Wednesday, June 13, 2018

Studying Music: What notes to heed

 Music has always been a subject of entertainment. When students aim to become doctors, engineers and bankers, music remains a hobby with a few making it a career which is often frowned upon. But there is a scope in music which goes beyond a performing artist. .

Option in secondary level.
One can study Music in secondary school level at Nepal Sangeet Vidhyalaya - the Ministry of Education introduced Music in the Technical Stream Education in 2016. Starting from Class IX, it teaches four core subjects in the general stream - Nepali, English, Mathematics and Science (100 marks each) along with core subjects in Music - Fundamentals of Music, Music of Nepal, Instrument Keyboard, Music Technology, Music Business and Event Management (100 marks each) and gears one up for SEE. .

Sushant Gajurel,17, is one of the first students who appeared for SEE in Music recently. “I was sure I wanted to do music,” Gajurel says of why he joined Class IX in Nepal Sangeet Vidhyalaya. “So, why waste my two years.” .

“There should be an option to study Music education for those who want to,” Iman Bikram Shah, Principal of Nepal Sangeet Vidhyalaya opines. .

As per him, Music has been an optional subject like Optional Math and Optional English for Class VI to Class X since 2010 which schools can offer if they wish, however, it remains an extracurricular activity. .

Shah says, Music has always been a hobby and never carried academic importance as music is a creative art and can't be measured. .

In such a case Music has been overshadowed as students and their parents are more inclined towards subjects like Science or Engineering or Management. .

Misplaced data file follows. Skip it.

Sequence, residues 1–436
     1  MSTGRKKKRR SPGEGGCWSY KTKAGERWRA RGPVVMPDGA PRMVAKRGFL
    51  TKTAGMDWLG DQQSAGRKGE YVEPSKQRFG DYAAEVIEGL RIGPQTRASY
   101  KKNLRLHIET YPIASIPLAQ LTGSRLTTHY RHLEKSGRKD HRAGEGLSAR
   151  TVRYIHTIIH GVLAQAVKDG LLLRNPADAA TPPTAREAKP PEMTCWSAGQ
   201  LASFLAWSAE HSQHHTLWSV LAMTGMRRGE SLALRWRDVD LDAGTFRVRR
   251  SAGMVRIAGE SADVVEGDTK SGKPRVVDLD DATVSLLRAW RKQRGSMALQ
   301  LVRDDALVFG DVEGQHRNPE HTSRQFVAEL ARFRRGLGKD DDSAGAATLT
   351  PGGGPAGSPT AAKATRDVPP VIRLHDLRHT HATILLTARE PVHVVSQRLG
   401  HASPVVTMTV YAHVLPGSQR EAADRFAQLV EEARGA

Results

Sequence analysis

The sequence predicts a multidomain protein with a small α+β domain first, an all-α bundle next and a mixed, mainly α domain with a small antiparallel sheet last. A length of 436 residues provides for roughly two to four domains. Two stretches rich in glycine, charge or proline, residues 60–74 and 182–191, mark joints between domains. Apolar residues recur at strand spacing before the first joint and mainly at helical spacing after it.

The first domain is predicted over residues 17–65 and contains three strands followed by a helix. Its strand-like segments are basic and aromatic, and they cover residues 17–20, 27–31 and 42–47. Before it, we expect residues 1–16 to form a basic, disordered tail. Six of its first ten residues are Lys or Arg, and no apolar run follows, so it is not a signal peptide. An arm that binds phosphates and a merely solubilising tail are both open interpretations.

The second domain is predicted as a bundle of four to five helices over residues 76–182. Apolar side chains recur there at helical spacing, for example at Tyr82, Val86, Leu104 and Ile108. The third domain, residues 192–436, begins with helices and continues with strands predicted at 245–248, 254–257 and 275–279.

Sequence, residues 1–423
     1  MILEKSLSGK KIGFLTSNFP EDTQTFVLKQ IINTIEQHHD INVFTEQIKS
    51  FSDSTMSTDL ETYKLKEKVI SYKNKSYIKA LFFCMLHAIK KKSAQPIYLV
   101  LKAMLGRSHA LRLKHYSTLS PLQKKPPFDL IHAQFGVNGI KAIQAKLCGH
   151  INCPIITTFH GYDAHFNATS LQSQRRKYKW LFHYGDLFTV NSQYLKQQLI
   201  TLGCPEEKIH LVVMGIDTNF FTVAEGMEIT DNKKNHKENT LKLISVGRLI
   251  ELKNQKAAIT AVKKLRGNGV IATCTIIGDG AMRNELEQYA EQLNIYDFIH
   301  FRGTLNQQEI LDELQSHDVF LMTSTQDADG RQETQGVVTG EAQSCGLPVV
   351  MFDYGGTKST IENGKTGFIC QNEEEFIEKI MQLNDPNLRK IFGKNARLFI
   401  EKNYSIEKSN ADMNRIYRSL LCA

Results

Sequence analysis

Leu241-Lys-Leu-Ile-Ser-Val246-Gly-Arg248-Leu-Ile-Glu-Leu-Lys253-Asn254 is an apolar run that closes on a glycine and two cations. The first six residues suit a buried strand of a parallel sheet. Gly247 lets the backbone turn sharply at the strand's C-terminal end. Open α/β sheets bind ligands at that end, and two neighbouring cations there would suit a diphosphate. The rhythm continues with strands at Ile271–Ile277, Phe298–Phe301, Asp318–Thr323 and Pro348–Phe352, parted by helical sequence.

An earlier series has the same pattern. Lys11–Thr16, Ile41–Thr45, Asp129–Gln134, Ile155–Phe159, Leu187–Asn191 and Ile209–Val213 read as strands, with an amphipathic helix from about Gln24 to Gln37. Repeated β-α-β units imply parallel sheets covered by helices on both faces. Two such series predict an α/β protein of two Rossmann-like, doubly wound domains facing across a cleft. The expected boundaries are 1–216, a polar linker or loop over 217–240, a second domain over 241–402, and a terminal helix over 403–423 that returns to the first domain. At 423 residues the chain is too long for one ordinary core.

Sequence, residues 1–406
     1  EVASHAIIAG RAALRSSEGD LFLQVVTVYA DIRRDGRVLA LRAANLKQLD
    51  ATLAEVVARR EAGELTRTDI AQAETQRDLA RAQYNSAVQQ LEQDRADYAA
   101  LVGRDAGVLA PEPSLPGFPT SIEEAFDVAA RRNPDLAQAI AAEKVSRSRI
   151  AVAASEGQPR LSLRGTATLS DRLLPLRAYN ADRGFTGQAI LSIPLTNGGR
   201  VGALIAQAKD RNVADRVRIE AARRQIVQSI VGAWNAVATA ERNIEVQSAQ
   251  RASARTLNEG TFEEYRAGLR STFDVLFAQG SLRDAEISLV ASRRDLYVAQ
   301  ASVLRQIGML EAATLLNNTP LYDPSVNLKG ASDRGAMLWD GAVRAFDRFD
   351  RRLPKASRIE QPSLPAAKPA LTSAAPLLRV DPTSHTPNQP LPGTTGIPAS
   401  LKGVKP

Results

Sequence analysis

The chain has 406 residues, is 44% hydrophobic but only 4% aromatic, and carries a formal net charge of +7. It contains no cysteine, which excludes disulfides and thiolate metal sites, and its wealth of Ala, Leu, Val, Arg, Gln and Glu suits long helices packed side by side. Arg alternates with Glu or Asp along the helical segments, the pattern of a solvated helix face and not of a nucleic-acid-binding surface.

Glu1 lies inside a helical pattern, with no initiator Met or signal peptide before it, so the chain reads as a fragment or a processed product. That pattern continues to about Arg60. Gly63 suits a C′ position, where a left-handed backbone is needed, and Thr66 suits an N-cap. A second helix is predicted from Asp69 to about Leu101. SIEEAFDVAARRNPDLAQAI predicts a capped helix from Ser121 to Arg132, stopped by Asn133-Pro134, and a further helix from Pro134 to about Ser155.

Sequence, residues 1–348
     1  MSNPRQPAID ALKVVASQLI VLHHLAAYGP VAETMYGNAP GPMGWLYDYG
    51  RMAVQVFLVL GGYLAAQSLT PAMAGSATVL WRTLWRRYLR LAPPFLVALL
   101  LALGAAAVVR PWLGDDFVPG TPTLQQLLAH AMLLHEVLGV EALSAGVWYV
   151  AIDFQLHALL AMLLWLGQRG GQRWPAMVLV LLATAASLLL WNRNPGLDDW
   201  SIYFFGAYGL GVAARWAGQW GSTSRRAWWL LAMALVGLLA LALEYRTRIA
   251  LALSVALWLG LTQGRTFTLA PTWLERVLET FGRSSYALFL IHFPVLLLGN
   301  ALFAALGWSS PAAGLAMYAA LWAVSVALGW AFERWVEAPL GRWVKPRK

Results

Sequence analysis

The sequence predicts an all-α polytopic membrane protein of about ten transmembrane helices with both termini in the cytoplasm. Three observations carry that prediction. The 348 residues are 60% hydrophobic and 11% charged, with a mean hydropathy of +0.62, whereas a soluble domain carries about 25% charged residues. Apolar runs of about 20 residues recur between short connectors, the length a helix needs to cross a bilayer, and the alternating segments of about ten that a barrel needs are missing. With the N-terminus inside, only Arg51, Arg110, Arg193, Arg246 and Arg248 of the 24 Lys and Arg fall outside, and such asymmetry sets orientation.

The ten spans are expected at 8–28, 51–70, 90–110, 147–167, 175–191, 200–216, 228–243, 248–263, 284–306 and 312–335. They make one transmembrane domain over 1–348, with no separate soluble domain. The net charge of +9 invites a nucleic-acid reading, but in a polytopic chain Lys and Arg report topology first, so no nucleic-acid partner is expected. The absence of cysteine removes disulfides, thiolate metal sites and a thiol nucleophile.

But then there are parents like Sushant's. “This is a practical subject,” Sita Gajurel quips adding, “He showed interest in music other than his regular studies. Rather than being bored studying what he doesn't like, he can enjoy and learn music practically - this way his learning will stay with him.”.

She feared taking this step but “Sushant was willing to work hard for it”. .

Moreover, after the SEE certificate, students can pursue higher secondary education in any stream..

Higher studies.
After getting their high school degree, and through audition, students can join Bachelor of Music being offered by Tribhuwan University (TU) or Kathmandu University (KU). .

If you are looking for raaga-based or sastriya sangeet (eastern classical music) knowledge, TU offers four years of annual BMus programme in Lalit Kala Campus and Sirjana College of Fine Arts. .

You can major in Tabala, Vocals and Flute, shares Niranjan Bhandari, flute teacher at Sirjana College of Fine Arts and Lalit Kala Campus Of Fine Arts. “Folk music of different parts of Nepal is also part of the curriculum,” he adds. .

Other subjects include Applied Theory and General Theory, Music Technology, among others. .

In the Master's level, you can major in Sitar, Vocals and Tabala. .

Sirjana College of Fine Arts also offers Music degree in high school level under National Examinations Board offering subjects Tabala, Bansuri, Vocals and Folk music along with English and Nepali “where basic knowledge of music is taught”..